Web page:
Sunday, July 10, 2011

SS Peter & Paul, Blockley, Gloucestershire

This small town spreads on the steep sides of the valley with its church and centre on the western slopes. The church must have been very impressive at one time as there was once a large Norman church here, rebuilt on the site of an earlier Saxon minster. The chief survival is the chancel with side buttresses windows and corbel table, and a slightly later two storied vestry on the north side which seems to have reused the corbel table. This was joined to the aisle when the Rushout family created their mausoleum c1790. At the west end (and difficult to see behind much clutter) is a Norman doorway in situ, and the south door too has Norman features although altered in the C15. Masking the door is an C18 west tower, recalling Chipping Campden which is where the architect Thomas Woodward Sr was based. 


Inside the chancel has Norman responds now carrying a C14 arch, the same date as the fine east window which is similar to that at Barnack in the Soke seen at the AGM. The south wall of the nave is C15 with large windows but above in 1635-6 (dated internally) a clerestory was added, and this may be the date too of the upper windows of the aisle. The arcade could be C14 or c1635 like the north porch, but the flat nave ceiling may be of 1702.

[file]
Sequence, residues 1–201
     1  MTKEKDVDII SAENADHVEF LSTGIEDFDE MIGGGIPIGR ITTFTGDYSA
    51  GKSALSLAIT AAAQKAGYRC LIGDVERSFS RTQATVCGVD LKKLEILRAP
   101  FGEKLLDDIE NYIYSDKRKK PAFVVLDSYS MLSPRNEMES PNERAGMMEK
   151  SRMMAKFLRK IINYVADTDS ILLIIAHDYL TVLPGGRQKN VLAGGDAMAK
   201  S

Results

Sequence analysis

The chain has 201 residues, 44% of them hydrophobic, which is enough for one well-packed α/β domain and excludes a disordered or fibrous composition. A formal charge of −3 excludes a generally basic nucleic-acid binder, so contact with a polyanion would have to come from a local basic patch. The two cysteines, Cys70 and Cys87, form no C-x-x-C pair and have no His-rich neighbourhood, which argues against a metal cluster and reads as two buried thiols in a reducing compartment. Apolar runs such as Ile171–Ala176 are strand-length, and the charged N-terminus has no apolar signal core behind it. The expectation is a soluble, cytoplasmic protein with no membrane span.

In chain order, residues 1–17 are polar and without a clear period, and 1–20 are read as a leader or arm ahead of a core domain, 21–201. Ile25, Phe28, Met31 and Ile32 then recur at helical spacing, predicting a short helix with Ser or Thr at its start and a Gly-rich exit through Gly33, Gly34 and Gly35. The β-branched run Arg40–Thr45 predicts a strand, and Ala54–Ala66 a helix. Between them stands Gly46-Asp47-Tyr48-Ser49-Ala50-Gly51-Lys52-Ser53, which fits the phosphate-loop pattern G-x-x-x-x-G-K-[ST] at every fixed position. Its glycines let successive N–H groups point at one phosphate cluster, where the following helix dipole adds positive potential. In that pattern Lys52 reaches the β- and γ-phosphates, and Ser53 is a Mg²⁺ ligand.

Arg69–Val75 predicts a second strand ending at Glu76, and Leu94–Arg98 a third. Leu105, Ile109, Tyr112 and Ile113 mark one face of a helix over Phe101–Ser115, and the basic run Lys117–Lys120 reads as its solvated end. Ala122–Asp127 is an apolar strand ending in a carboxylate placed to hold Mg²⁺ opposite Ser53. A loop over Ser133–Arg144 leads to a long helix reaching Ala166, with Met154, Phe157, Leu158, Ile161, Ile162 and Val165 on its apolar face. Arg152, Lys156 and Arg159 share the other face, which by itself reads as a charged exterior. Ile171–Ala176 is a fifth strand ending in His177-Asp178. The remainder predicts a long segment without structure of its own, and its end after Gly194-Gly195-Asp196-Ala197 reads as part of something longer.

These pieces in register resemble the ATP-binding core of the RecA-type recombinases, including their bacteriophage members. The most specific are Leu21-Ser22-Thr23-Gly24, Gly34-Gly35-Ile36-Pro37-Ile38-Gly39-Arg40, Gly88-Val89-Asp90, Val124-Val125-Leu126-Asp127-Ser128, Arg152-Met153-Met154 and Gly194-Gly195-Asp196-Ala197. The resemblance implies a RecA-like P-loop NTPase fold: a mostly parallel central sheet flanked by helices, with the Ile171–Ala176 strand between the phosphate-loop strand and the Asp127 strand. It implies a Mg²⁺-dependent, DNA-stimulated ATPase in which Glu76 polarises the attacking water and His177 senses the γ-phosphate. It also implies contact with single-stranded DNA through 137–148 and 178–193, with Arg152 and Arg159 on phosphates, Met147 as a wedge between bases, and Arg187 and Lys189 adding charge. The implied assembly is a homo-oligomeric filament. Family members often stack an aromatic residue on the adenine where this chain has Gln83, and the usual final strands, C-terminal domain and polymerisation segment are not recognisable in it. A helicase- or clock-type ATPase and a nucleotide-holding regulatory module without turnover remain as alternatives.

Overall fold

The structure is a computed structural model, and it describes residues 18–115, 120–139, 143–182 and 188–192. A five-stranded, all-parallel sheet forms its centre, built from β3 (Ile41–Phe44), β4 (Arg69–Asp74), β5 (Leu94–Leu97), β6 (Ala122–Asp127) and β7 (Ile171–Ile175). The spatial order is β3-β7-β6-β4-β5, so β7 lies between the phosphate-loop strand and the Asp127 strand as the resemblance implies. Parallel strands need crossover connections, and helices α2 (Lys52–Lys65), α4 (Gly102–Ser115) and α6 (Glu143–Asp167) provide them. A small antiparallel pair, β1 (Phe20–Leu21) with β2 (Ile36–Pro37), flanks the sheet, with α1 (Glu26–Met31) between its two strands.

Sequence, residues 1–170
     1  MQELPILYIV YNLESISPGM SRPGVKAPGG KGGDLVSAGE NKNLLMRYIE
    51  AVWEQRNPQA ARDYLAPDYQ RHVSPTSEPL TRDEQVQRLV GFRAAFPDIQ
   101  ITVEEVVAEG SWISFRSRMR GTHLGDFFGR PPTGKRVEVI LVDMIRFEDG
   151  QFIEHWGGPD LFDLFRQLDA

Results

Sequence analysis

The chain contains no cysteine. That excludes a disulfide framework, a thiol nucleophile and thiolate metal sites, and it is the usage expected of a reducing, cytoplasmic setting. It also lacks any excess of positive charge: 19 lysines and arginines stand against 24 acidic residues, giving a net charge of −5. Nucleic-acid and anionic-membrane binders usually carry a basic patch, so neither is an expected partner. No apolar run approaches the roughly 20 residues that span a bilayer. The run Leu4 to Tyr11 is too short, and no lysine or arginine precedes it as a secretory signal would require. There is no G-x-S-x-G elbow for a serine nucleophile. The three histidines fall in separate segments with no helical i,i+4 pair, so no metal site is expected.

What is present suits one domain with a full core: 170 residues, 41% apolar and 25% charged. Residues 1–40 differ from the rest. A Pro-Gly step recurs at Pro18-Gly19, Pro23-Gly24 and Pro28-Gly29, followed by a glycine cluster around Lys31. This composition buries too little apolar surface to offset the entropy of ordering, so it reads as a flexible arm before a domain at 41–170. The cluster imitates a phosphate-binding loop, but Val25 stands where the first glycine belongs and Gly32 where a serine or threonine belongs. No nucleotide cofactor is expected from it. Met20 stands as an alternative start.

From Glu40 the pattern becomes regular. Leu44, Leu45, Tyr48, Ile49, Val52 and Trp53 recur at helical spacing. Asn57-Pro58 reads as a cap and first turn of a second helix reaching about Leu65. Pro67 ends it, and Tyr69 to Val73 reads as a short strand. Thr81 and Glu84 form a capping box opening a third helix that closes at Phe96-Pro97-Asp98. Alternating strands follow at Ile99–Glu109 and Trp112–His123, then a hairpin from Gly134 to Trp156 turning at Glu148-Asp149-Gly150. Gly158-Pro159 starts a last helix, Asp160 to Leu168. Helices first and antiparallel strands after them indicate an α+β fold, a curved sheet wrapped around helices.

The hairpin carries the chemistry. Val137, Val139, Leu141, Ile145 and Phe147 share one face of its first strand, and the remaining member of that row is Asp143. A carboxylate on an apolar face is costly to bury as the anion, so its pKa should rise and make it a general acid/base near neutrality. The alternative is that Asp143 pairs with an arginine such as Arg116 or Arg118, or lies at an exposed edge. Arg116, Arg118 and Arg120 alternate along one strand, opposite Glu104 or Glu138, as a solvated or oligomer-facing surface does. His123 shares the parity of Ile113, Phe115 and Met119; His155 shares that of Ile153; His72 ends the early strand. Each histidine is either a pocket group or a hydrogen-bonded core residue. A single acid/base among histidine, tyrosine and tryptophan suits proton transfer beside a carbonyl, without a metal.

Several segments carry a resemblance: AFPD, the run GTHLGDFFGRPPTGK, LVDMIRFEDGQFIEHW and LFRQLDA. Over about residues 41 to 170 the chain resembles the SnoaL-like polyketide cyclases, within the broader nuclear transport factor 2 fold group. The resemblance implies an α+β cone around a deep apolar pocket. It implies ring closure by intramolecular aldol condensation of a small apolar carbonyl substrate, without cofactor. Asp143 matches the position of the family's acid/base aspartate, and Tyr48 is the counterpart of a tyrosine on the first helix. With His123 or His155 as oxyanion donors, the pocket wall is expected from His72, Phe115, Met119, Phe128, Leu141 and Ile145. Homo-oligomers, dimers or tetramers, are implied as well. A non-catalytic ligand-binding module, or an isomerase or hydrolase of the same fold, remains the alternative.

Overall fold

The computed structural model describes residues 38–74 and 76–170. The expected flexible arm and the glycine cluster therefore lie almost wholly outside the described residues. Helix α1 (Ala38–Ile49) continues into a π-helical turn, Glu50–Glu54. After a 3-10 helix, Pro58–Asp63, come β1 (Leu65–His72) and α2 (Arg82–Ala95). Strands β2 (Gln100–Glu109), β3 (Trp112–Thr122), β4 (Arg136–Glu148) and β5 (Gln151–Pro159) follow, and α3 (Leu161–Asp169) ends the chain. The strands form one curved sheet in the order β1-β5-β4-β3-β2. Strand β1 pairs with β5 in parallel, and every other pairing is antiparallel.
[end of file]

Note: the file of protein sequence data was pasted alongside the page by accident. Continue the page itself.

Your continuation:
There are a large number of monuments, the earliest a brass to a priest d1488 in the chancel floor. Another brass mentioned in Pevsner as being set in the back of the Dec sedilia is no longer there, possibly stolen. At the east end of the aisle steps lead up over the family vault to the Rushout chapel, the east wall of which is filled by an unusual memorial with four busts. In all a lot of interest and much to puzzle over in a building with a complex history. However the new benches and choir arrangement at the east end of the nave, the chairs in the chancel presumably now reduced to a weekday chapel, and the clutter at the west end of the nave (display stands, notice boards, a low level office(?) in the corner and organ opposite) take the edge of an otherwise interesting church.

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